The 7 best controversies of the year | Cricket coaching, fitness and tips

The 7 best controversies of the year

Filed in:

Everyone loves a controversy. And in 2009 some things got people riled on this site. Let's find out what caused the rumpus in cricket coaching, tactics and fitness.

Each article is still open for comment, so if you have something to say, follow the links and leave your thoughts on the page.

1. The rise of number 11

Back in June we wrote about a suggestion I had been mulling over for a while: Should the worst batsman be at number 11? I thought perhaps not, but AD called the suggestion 'ridiculous' and Ando said it was a negative tactic. Head over to the article and leave a comment letting us know what you think.

2. What's fitness got to do with it?

March saw England take the controversial step of dropping Samit Patel for not reaching fitness standards and we wrote about how to avoid that fate. The article stirred up the old debate of how important non-cricketing measures are to a player. Peter thought the issue was about PR not performance while John Hurley defended the need for peak fitness to get more runs and wickets.

3. Deathmatch: KP verses Sir Viv

Gary Palmer compared the techniques of Kevin Pietersen and Viv Richards in March. Alongside the comparison Gary suggested some technical changes KP should make. A commenter and KP fan leapt to his defence and said "Pietersen has the technically most correct straight drive in the English team." Whereas John Steele thought KP's problem was that he was unable to balance innovation with orthodoxy like Richards could.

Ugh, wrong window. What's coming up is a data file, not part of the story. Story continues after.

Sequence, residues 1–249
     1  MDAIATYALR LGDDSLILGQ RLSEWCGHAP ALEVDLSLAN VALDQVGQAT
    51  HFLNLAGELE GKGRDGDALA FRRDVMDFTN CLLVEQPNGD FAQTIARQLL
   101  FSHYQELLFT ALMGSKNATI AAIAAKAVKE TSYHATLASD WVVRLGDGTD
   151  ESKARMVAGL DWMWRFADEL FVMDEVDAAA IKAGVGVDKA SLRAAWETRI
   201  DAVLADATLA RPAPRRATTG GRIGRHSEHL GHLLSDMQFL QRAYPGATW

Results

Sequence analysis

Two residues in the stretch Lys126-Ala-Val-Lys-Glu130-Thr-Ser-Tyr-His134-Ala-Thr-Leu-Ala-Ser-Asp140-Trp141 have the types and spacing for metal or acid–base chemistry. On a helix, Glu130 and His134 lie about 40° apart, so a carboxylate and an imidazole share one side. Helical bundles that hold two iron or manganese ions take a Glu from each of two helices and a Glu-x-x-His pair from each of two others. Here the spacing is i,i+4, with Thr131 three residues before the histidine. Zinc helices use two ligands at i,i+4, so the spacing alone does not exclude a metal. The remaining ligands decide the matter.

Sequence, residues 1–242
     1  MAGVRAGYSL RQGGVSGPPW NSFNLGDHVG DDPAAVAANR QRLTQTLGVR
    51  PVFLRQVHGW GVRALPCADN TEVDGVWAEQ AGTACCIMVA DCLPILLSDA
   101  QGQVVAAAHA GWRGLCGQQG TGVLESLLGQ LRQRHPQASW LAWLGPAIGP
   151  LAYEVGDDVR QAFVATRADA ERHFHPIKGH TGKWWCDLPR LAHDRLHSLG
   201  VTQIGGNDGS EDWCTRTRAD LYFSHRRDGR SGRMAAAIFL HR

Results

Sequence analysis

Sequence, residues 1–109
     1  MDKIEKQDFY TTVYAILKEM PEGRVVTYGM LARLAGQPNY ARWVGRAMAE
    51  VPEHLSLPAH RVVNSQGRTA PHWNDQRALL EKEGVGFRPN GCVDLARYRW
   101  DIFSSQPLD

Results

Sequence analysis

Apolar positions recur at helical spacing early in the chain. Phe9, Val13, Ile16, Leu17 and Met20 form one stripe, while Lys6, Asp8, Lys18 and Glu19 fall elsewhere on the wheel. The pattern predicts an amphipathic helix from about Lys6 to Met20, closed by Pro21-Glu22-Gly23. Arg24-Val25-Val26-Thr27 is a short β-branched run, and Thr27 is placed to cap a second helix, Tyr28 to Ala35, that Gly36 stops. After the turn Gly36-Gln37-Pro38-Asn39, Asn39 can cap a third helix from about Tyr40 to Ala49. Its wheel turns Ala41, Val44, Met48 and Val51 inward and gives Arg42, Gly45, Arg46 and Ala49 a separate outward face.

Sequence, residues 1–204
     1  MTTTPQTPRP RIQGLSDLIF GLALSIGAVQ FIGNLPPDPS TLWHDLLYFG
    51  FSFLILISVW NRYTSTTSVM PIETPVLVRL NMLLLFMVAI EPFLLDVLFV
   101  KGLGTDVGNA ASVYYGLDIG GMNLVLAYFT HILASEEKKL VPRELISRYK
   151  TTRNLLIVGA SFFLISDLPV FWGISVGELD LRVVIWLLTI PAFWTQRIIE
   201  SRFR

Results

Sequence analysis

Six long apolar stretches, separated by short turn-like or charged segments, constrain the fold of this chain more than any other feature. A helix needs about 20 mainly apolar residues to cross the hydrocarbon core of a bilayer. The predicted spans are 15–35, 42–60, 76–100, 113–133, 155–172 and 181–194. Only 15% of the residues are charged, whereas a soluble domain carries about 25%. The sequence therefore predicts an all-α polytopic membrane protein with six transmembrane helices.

4. Wicketkeeping is easy, isn't it?

This article was all about the headline. The point was that of all specialist skills wicketkeeping was least difficult (although still pretty tricky). Wicketkeepers disagreed, including Liam who said the argument was "simplistic and ignorant". What do you think?

5. Throwing down the stumps. Or not.

In August we discussed the idea of returning the ball to the keeper every time, or just when needed. We firmly came down on the old fashioned view this time. However, the article prompted an interesting discussion in the comments section about throwing technique and tactics. You can still join in if you have a view.

6. Dura-band

Duraband cricket was launched in September and we looked it over, giving an opinion on the effectiveness of the tool for fitness. We were sceptical, but promised to delve into it further. The article prompted a long response from one of the men involved in the development of Duraband, Dr. Brian Hagen. We posted his arguments without further comment as we felt he had a right to reply.

I wasn't convinced by Dr Hagen's comments at the time but we are nothing if not fair and open minded and so are still testing the product. The proof of any training tool is how well it works on improving performance and reducing injury in the real world. That's what we aim to find out in 2010.

7. Crunch off!

In October we attacked some common exercises that cricketers could do without. Crunches caused the biggest argument with Vishii saying the exercise made him stronger and faster. John told us that gravity doesn't push you down and called the article 'ridiculous'. Craig also tried to defend the BOSU ball. Where do you stand?

That's all the controversy for 2009. What will the coming year bring? Stay tuned to find out.


Broadcast Your Cricket Matches!

Ever wanted your skills to be shown to the world? PV/MATCH is the revolutionary product for cricket clubs and schools to stream matches, upload HD highlights instantly to Twitter and Facebook and make you a hero!

PV/MATCH let's you score the game, record video of each ball, share it and use the outcomes to take to training and improve you further.

Click here for details.


Email me with your email address and the error you are getting and I will take a look.

So, how did duraband do? Do you think Its a good training toll now?